Meanwhile, back in the driveway…

It was just a few months shy of two years ago that I posted about our great driveway-pier-garage-floor-and-doors extravaganza.

Now I get to add the next chapter.

We seem to have atoned for enough transgressions and collected enough good karma for “the guy” we’ve been chasing for just a few months shy of two years to come and apply the stucco coating on the pier to match the foundation on the rest of the house.

So, instead of looking at concrete block…

HPIM1129

…we get to look at painted stucco. (Sorry, I neglected to get any in-progress photos — sometimes, I’m just too tired to care.)

2009_0718stucco0026

I’m thrilled with the improvement. So much so, I had to get busy right away and paint the foundation on the house to match.

2009_0718stucco0021

Well, almost. There weren’t enough hours in the day on Saturday (it took a surprisingly long time to paint over the heavy texture on the foundation — more like “pouncing” the paint as if stenciling than actually swiping the brush back and forth), and Sunday I was on duty at my mom’s…so, the foundation’s not quite finished yet. But it’s a big improvement, finally.

Here in fixer-upperhood, we revel in any victory, no matter how trivial.

Of course, it’s the next chapter (not the last chapter) in our great driveway-pier-garage-floor-and-doors extravaganza because one of the column bases we had specially built is already splitting and has to be replaced. Can’t wait to jack up that porte-cochère roof again and wrestle with the column so we can get the base out and replace it. Oh, and because the pier grew a few inches when it was rebuilt, the stone cap doesn’t fit anymore…someday we’ll get a new piece of stone cut to fill the gap.

And of course, we still have to paint the columns and bases, and the “ceiling” — that’ll be interesting, too. Maybe Mike’ll rig up one of these contraptions again to reach the top. (And notice the ugly concrete block pier — no more!)

portecocherelight

But maybe that better wait until we’re sure he has health insurance again.

In the meantime, I’m celebrating stucco — the latest home improvement that makes pulling in the driveway a little more pleasant. (Now if we could just get rid of those dilapidated railing posts on the porch roof and fix the roof once and for all…)

cominghome

Time is what keeps everything from happening at once.
~ John Archibald Wheeler

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DIYers Take a Holiday

“hol·i·day 2 :  a day on which one is exempt from work.”

Doesn’t that sound nice?

Our holidays usually go something like this.

Step 1: Buy big heavy materials — this time, 9 big heavy boards to reframe half the front porch (eventually) and 7 big heavy landscape timbers to finish our leveling project along the driveway. 

I get crabby pretty fast in the lumber section of HD and Lowe’s. I aso have to cross my arms really tight to keep from exploding from the sheer hell of lingering endlessly in the “fasteners” and electrical aisles.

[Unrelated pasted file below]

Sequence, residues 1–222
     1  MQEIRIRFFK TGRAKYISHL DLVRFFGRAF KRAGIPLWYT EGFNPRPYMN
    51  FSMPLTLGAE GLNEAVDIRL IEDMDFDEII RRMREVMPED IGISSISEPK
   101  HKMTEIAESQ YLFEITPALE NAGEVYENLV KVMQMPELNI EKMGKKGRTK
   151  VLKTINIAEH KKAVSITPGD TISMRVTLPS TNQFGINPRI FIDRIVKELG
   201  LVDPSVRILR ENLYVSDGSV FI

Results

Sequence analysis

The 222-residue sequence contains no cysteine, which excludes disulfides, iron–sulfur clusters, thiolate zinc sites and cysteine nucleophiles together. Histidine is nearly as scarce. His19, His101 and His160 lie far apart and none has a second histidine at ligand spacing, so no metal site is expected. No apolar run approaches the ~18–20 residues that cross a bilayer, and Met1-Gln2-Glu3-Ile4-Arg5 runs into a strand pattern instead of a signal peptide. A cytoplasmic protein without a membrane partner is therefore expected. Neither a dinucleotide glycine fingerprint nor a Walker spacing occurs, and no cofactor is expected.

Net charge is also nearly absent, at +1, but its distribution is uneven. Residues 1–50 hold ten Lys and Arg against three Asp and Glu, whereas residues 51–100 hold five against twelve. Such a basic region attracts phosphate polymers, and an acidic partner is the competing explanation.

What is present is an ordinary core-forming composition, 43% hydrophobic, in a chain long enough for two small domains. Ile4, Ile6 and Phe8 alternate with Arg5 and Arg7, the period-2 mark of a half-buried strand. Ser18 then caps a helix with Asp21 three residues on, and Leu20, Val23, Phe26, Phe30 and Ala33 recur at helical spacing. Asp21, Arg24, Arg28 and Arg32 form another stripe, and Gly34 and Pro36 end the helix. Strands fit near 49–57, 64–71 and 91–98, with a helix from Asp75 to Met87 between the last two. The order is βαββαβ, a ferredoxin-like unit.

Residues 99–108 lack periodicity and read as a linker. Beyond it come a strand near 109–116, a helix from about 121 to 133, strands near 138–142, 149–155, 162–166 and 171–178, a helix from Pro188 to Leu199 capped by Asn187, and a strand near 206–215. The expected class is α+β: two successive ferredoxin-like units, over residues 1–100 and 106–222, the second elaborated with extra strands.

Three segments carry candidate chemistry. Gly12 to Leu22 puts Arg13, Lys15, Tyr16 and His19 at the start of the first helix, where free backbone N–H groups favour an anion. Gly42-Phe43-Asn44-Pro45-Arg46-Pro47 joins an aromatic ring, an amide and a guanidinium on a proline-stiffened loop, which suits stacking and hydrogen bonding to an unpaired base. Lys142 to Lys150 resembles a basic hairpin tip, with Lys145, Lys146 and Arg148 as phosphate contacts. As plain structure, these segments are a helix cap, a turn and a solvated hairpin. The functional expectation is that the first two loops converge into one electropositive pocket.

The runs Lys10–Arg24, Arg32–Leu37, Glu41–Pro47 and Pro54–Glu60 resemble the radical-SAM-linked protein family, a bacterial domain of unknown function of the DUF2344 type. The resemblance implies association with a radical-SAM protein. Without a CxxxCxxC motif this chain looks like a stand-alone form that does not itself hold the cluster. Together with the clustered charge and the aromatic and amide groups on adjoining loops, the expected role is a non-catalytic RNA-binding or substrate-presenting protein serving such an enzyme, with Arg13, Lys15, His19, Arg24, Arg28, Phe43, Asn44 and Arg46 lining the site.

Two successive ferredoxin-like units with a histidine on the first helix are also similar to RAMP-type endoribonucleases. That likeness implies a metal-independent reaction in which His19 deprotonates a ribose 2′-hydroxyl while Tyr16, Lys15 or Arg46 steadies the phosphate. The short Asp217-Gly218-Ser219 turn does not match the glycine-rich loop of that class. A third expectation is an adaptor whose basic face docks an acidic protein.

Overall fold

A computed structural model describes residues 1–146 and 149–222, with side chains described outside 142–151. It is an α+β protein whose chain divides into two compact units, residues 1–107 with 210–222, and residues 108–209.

I can’t begin to count the minutes of my life lost to (someone else’s) deliberation over nails, screws, bolts, joist hangers, receptacles, junction boxes, and the like over the past 15 years. 

Sorry, gents, but no female indecision over slides or straps? slacks or capris? Dove or Olay? can hold a candle to the tedium of deciding between 1/4″ screws or 5/16″ screws. Or of examining every blessed 10-foot board in a stack of 50 five feet over your head to find 2 with no twists, no knots, nothing that would hamper a perfect job, ignoring that as soon as you get the wood home, it will twist either before it’s installed or after — it will never be perfect, NEVER BE PERFECT, and you will be forced to listen to how imperfect it is for a long, long time. And you will be asked over and over to just feel how that joist bounces (it bounces because you weigh 200 lbs and you’re jumping on it — STOP JUMPING ON IT) and just look how that stud twists (that stud will be covered up with drywall. NO ONE WILL SEE IT.), and can you believe how much a box of nails costs? (JUST BUY THE DAMN NAILS.)

Step 2: Complete several hours of back-breaking labor (who hates stripping sod? I do! I do!), another trip back to HD for 2 more landscape timbers, 2 trips to the landscape supply place for truckloads of topsoil, and 1 trip to the other landscape supply place for our “favorite” mulch (Smoky Mountain color).

Step 3: Savor the result: a neat and tidy border along the driveway, just aching to be planted with beautiful shrubs and perennials. (Couple more trips to Lowes & Wal-Mart. Few more hours of labor to plant them…eventually.)

Before  — ground slopes to the left           After — landscape timbers let
off the driveway — hard to mow,                us add dirt to level the slope.
hard to exit a car onto, not pretty.            Ready for planting!
Hard to tell, but the driveway drops off to the left. We added timbers so we could build up the soil to be (almost) level with the driveway.    

A few of our plant purchases
awaiting their new home.

Somewhere between Steps 2 and 3, Mike took his life in his hands to replace the porte cochere light (his idea — the original, 83-year-old one worked, so was just fine in my book). It was dark by the time he finished. I passed the time by discovering you can take some nifty shots with the digital camera at night. (You can’t always tell exactly what you’re aiming at, but…the results are pretty.)

 

   

All in all, three really productive days exempt from work. I can hardly wait for the 4th of July!

Our England is a garden, and such gardens are not made
By singing: – “Oh, how beautiful!” and sitting in the shade.
                   ~ Rudyard Kipling, “The Glory of the Garden”